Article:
The proposed legislation goes by many namesâ€” COICA, PIPA, SOPAâ€”but the goal is clear: protect intellectual property and prevent online piracy. Congress has made big moves this year to push its anti-piracy agenda. Both the House and Senate have introduced bills that purport to regulate the Internet, while modernizing our criminal and civil laws to meet changing technology and â€śbadâ€ť consumer social habits. The two recent iterations of these bills are PIPA and SOPA. What affect will these proposed bills have on the music industry? Lets find out.
Senate Judiciary Committee chairman Senator Patrick Leahy (D-Vt.) introduced the Preventing Real Online Threats to Economic Creativity and Theft of Intellectual Property Act (PROTECT IP Act or PIPA, for short) on May 12, 2011. The purpose of PIPA is to regulate â€śrogue websitesâ€ť or those that offer unauthorized movies, TV shows, music, and other copyrighted material. PIPA authorizes the United States Department of Justice to seek an injunction against â€śnondomestic domain name[s] used by an Internet site dedicated to infringing activities.â€ť The bill also requires financial transaction providers and Internet advertising services, which knowingly service an infringing website to â€śtake technically feasible and reasonable measuresâ€ť to prevent providing its services to the website.
PIPA has yet to reach the Senate for a vote because of Senator Ron Wyden D-Ore., who filibustered, or put the bill on â€śhold,â€ť preventing it from moving to the Senate floor. Senator Wyden agrees with the underlying premise of the bill, but believes that PIPAâ€™s implementation is â€śoverreaching.â€ť The last major action on PIPA was a report by Senator Leahy on July 22, 2011.
On October 26, 2011, the House introduced its own version of PIPA, H.R.3261 or the Stop Online Piracy Act (SOPA). The framework of SOPA is similar to the PRO-IP Act of 2008 and PIPA. The purpose of SOPA is also aimed at shutting down rogue websites. However, the House version goes a step further than the Senate version and allows private companies to sue Internet service providers (ISPs) for unknowingly hosting content that infringes intellectual property â€” a protection currently provided for by the Digital Millennium Copyright Act, which shields ISPs from civil liability if they remove the problematic content immediately after notice.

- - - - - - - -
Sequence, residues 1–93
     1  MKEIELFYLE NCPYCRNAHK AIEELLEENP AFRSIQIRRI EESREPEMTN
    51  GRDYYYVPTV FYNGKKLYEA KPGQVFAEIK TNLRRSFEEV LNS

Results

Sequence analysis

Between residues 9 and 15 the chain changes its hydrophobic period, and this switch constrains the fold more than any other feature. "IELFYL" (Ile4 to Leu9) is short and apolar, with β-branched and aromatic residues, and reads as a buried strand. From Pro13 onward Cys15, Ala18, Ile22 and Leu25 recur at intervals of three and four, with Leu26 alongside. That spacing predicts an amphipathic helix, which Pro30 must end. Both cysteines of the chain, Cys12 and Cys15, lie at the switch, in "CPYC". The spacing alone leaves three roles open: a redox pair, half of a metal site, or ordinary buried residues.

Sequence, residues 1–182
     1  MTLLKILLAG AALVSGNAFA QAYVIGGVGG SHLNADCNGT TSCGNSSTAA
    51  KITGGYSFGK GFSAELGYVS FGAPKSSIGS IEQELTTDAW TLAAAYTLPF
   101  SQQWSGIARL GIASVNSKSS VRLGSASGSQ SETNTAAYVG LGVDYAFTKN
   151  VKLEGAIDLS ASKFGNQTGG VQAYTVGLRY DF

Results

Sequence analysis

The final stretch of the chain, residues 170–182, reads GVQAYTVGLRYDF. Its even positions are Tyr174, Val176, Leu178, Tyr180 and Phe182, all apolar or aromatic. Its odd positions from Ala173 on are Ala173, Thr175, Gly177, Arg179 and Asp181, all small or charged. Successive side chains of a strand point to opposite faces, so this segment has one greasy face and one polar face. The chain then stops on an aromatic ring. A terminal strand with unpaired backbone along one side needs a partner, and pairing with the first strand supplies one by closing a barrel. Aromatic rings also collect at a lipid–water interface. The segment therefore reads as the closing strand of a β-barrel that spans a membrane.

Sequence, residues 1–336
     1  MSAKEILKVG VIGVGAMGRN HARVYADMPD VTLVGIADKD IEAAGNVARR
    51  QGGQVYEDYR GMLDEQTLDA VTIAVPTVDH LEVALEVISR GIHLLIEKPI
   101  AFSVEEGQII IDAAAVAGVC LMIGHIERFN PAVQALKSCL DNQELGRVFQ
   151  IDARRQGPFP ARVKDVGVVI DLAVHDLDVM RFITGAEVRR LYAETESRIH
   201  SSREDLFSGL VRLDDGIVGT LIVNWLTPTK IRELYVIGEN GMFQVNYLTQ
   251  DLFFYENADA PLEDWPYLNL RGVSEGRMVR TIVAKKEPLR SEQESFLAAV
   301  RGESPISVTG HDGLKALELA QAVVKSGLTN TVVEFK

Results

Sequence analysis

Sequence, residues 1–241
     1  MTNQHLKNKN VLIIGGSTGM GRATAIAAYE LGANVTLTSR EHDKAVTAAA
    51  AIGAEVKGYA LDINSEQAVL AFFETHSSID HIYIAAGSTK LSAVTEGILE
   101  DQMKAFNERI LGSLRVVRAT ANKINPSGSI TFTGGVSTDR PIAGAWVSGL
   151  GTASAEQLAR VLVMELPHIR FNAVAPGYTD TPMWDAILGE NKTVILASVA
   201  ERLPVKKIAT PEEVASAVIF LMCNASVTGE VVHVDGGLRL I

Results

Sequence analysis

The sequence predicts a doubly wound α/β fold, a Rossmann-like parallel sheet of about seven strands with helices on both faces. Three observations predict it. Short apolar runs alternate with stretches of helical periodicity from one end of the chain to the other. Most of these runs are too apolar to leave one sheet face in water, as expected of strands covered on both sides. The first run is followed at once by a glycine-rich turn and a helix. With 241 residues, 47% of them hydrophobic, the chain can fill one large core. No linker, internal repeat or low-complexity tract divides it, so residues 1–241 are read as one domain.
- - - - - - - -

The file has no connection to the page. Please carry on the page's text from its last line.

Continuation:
Opponents characterize the proposed legislation as the â€śgreat firewall of America.â€ť The legislation would allow the attorney general to almost unilaterally blacklist and block sites that it determines are infringing copyright law. For example, SOPA/PIPA would likely shut down or block music locker websites such as RapidShare or MegaUpload from U.S. users. The proposed legislation would also likely shut down other websites that host content from those websites, i.e BitTorrents, and your favorite website to find new music. A record label would simply need to say the word â€“ â€śthis website has uploaded our music without permissionâ€ť â€“ and, if the website could not prove that it did not then poof! no more music website, even if the allegation wasnâ€™t necessarily true, for example, if an artist uploaded the content him or herself. Opponents suggest that there is too much room for abuse. In an open letter to Congress, prominent IP scholars including, James Grimmelmann and Yochai Benkler, suggest that the legislation could block entire domains, suppress and/or violate â€śAmerica’s free-speech principles,â€ť and â€śundermine the government’s credibility in promoting free speech principles around the world.â€ť Even House Minority Leader Nancy Pelosi (D-CA) has joined the opposition with her hashtag: “#DontBreakTheInternet.”
Proponents acknowledge these shortcomings, but suggest that the legislation is narrowly-tailored, aggressive, and necessary. In response to the argument that SOPA would create an â€śInternet Blacklist,â€ť proponents contend that first amendment rights and due process are protected because it is only targets websites engaged in facilitating criminal activity. Proponents also contend that the protection provided by the DMCA is insufficient. Representative Lamar Smith, SOPAâ€™s co-sponsor, suggests that the DMCA provides no effective relief when a rogue website is foreign-based and operated like the PirateBay – the 89th most visited site in the U.S.
So there it is. The lines have been drawn in the sand. Unfortunately, a reasonable solution or compromise has yet to be seen. Until such time, this fight will live to see another day. Stay tuned. . . .